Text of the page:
• Full text access may be available. Click article title to sign in or learn about subscription options.

      A Relational Food Network: Strategy and Tools to Co-design a Local Foodshed

      Copyright Year: 2014

      MIT Press eBook Chapters

      This chapter contains sections titled: Designing for Territorial Development, Feeding Milan: Designing a Local Foodshed, The Project Philosophy: Making Things Happen through Conviviality, Feeding Milan: The Digital Platform, The Farmer's Foodbox: A Design Experiment, Conclusions: A Relational Network, Acknowledgments, Notes, References View full abstract»

    • Full text access may be available. Click article title to sign in or learn about subscription options.

      Technologies of Nostalgia: Vegetarians and Vegans at Addis Ababa Café

      Copyright Year: 2014

      MIT Press eBook Chapters

      This chapter contains sections titled: “Making It Pretty”: Physical, Digital, and Cultural Transformations, Facebook on the Menu: Hybrid Familial Networks, An African Hut on the Highway: Transformation from Within, Online Ethnic Grazing and Browsing, “Liking” as Cosmopolitan Performance: Identity Construction Offline and Online, Others Constructed by Others: Associative Identity and Facebook Nostalgia, Connecting with Alternate Communities: Vegetarians and Vegans at Addis Ababa Café, Linking to Origins: Bridgespace and the Local, Conclusion: The Tension between “Tradition and Innovation” in Addis Ababa Café, Notes, References View full abstract»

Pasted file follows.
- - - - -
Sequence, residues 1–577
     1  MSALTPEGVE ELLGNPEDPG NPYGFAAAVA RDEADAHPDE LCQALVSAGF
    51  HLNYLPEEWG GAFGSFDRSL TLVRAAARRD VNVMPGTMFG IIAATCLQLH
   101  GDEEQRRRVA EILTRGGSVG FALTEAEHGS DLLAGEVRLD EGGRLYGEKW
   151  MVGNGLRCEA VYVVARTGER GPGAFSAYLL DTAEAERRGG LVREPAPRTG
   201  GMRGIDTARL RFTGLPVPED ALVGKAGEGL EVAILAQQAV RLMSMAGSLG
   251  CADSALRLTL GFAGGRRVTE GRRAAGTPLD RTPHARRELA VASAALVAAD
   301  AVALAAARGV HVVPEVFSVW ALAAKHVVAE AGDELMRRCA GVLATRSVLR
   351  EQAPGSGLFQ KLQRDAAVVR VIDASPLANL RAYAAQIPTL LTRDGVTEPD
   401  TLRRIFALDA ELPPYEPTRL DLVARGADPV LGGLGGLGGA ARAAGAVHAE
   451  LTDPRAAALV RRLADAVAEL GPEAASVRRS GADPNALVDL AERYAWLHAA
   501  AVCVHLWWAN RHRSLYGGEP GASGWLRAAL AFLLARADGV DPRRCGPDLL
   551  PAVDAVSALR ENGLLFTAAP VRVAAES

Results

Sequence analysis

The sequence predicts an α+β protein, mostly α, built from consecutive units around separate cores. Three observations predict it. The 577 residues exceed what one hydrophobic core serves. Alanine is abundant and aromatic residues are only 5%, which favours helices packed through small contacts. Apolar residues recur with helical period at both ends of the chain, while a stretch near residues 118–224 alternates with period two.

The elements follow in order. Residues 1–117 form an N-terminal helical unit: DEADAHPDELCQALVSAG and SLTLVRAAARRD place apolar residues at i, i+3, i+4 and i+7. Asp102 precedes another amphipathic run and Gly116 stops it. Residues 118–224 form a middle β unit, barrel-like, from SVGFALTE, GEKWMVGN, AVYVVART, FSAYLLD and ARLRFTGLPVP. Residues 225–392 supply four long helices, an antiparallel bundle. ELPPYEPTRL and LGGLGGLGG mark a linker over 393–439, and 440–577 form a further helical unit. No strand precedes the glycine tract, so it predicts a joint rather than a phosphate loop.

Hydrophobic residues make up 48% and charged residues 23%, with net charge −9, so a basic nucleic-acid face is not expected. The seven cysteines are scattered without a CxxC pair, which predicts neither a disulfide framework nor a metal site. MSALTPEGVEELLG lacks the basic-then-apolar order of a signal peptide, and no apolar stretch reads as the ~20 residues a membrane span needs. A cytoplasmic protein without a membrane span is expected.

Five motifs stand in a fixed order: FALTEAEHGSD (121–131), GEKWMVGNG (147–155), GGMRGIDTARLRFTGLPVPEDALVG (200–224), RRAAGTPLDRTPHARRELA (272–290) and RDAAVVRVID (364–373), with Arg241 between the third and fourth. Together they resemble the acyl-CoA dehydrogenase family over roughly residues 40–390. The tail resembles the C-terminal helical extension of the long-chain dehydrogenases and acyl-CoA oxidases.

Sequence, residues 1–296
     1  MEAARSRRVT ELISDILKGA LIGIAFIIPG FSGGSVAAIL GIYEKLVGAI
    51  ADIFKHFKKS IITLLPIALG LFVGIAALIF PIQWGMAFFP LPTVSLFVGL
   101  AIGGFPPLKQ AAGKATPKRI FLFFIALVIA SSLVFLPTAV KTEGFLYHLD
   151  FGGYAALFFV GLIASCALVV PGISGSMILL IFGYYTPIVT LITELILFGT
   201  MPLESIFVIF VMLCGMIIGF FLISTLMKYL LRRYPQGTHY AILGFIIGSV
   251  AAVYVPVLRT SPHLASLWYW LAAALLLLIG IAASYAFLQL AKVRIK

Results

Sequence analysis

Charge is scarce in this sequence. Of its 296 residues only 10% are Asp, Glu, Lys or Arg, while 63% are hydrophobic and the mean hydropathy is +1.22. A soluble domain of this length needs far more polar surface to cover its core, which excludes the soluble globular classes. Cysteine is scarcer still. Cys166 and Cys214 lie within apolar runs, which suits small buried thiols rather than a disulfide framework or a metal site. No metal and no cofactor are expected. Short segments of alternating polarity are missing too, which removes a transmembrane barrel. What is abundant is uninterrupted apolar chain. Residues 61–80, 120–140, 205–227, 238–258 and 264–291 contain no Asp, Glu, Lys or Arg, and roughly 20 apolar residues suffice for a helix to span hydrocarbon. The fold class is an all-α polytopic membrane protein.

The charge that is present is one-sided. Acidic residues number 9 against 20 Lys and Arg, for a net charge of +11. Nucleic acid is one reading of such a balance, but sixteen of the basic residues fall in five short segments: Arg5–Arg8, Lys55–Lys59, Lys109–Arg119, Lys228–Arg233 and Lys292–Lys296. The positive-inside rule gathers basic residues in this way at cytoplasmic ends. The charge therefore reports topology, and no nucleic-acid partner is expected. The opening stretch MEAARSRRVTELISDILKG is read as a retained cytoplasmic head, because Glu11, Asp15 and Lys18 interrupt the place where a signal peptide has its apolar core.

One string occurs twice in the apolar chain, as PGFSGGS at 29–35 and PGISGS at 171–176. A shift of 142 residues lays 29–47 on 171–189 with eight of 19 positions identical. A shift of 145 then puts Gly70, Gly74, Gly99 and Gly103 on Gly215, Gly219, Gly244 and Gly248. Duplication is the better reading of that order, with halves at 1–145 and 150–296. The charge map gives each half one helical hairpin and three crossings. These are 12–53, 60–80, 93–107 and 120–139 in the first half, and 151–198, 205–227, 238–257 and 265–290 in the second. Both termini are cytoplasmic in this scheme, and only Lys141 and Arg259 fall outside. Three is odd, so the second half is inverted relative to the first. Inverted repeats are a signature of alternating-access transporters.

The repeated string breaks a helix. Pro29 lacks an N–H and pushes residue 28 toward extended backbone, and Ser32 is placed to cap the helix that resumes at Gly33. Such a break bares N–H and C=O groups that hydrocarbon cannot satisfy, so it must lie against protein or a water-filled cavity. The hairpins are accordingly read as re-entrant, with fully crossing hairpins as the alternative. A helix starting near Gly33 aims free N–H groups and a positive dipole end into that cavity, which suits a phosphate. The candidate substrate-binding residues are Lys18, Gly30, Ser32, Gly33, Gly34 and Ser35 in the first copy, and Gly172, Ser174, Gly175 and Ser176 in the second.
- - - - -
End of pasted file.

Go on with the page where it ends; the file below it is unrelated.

• Full text access may be available. Click article title to sign in or learn about subscription options.

      What Are We Going to Eat Today? Food Recommendations Made Easy and Healthy

      Copyright Year: 2014

      MIT Press eBook Chapters

      This chapter contains sections titled: A Problem with Food?, Can Computers Help?, Toward the Development of a Support Tool, Evaluation, Discussion, Conclusions and Future Work, Acknowledgments, Notes, References View full abstract»

    • Full text access may be available. Click article title to sign in or learn about subscription options.